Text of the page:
This section examines how clinical guidelines can be linked to SNOMED CT to enable the automated display of contextually relevant knowledge resources. We begin by reviewing how a guideline can be linked to a SNOMED CT concept using semantic tags. Next we will examine how SNOMED CT concepts can be associated with guidelines using a reference set. Lastly, we will look at the automated display of a contextually relevant guideline, based on the selection of a SNOMED CT concept in a data entry protocol.
One approach known as simple markup, involves the application of semantic tags using terminology codes (such as SNOMED CT concept identifiers) to free text clinical guidelines. When using SNOMED CT, concept identifiers (or expressions) are added as document metadata to the appropriate guideline or text within the guideline. For example, when applying semantic tags to asthma management guidelines, we might add the following concept identifiers, to enable the guideline to be linked to a patient's health record that includes a diagnosis of 195967001 |Asthma|, a regime of 406162001 |Asthma management|, or an assessment scale coded with 445531003 |Asthma control questionnaire|(respectively):
The diagram below depicts the process of tagging the SNOMED CT concepts mentioned above to an Asthma Management Guideline.1
Figure 3.2.1-1: Asthma Management Guideline tagged with SNOMED CT conceptsThis tagged resource may then be presented as reference material when a relevant clinical scenario arises. For example, the guidelines shown in figure 3.2.1-0 could be presented upon the diagnosis of |Asthma|. Additional details on the mechanics of this process are provided below in the 44106059 section below.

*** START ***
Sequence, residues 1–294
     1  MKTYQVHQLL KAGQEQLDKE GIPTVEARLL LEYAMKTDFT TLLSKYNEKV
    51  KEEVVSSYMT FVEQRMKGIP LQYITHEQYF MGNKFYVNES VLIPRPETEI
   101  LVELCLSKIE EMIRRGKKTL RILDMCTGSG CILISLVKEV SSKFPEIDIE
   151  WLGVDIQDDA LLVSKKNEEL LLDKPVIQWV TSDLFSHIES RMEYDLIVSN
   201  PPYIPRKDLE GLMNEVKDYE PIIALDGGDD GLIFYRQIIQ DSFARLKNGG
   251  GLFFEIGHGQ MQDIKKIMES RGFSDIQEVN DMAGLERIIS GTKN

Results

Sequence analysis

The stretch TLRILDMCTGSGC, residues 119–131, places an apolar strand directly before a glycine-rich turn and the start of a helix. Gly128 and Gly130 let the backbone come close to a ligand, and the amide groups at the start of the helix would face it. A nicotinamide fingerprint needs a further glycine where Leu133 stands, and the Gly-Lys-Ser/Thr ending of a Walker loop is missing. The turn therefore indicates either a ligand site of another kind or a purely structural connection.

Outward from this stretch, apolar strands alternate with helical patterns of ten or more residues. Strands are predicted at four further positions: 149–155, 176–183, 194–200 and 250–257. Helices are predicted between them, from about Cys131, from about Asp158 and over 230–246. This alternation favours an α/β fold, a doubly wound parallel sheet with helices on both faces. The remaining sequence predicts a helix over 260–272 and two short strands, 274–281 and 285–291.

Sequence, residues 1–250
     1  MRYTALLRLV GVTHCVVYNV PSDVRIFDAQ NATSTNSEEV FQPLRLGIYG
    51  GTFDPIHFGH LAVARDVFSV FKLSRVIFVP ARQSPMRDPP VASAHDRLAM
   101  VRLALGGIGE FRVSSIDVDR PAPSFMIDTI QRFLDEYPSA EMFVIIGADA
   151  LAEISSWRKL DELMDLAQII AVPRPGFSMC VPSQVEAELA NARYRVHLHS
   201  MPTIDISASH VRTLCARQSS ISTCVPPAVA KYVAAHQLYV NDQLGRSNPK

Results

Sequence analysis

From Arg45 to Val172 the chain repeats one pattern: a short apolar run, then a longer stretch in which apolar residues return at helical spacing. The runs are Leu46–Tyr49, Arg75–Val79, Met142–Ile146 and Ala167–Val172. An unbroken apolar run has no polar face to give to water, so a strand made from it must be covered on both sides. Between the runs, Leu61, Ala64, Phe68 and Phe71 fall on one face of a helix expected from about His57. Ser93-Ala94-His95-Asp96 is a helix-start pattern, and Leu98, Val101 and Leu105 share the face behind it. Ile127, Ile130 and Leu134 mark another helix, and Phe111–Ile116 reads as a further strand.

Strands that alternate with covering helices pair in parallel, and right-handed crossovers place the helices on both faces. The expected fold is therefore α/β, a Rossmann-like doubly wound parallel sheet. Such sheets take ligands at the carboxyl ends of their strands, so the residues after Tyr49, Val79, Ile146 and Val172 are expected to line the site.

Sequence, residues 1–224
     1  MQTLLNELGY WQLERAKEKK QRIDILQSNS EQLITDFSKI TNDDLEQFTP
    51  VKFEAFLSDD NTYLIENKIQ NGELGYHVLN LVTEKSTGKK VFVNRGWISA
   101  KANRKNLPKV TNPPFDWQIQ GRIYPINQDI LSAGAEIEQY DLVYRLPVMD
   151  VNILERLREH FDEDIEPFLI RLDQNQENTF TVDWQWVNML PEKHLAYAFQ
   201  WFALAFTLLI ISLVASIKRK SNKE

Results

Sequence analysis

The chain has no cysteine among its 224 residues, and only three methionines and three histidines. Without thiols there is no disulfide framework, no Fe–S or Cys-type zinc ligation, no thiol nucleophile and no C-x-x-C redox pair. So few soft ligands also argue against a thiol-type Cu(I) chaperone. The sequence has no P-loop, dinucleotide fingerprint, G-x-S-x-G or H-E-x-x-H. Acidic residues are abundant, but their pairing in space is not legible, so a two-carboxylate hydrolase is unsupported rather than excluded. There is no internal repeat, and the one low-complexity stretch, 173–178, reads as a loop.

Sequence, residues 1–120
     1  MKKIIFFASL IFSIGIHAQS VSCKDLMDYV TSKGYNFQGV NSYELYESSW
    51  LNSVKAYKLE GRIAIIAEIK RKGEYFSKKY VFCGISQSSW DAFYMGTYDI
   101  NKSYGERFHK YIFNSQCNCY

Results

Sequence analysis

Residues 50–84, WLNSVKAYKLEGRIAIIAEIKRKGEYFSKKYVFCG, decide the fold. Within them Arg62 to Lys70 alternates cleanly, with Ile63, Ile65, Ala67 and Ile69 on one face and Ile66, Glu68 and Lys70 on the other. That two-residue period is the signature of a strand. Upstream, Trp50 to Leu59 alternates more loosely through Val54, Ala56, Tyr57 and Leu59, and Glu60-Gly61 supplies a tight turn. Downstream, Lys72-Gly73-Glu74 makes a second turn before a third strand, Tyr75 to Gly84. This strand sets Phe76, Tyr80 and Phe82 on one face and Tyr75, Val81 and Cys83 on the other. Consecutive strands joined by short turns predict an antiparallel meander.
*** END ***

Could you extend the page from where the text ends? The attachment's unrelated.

SNOMED CT Annotation Reference Sets can be used as a mechanism to define, share, and distribute links from SNOMED CT components to appropriate guidelines. This approach involves defining one or more links to relevant guidelines (using a URL) as a string based annotation for each relevant concept. An example of this is shown in Table 3.2.1-1. In this example, the same clinical guideline is relevant to more than one SNOMED CT concept.
Another example use case is linking a specific clinical field, such as a diagnosis, to an appropriate clinical guideline. Given the more specific scope, it may be possible to avoid repeating the same guideline for multiple SNOMED CT concepts referenced by the reference set. Table 3.2.1-2 below, shows an example in which disorder concepts are linked to appropriate clinical guidelines.
EHR systems, designed to use clinical guidelines marked up with semantic tags, are able to display relevant guidelines to the user when a subtype (or self) of the semantic tag concept is recorded in the health record.
Below is a generic template that could be used in an EHR system to facilitate the display of an appropriate clinical guideline, when a relevant diagnosis is recorded.
IF diagnosis = << [[ + $semanticTag]]
For example, the above template could be used on a clinical guideline that has the semantic tag 195967001 |Asthma|, generating the CDS rule:
IF diagnosis = <<
Using the above CDS rule, if a clinician selects a diagnosis of 195949008 |Chronic asthmatic bronchitis|, the NIH Asthma Care Quick Reference would be displayed because 195949008 |Chronic asthmatic bronchitis|is a subtype of 195967001 |Asthma|.
This enables contextually relevant clinical knowledge to be presented to the user, based on the specific codes recorded in the patient's health record. The diagram below illustrates this scenario:
Figure 3.2.1-2: Upon entry of a specific diagnosis, a contextually relevant knowledge resource is presented on the user interface
|1||Asthma Care Quick Reference used for demonstration purposes.|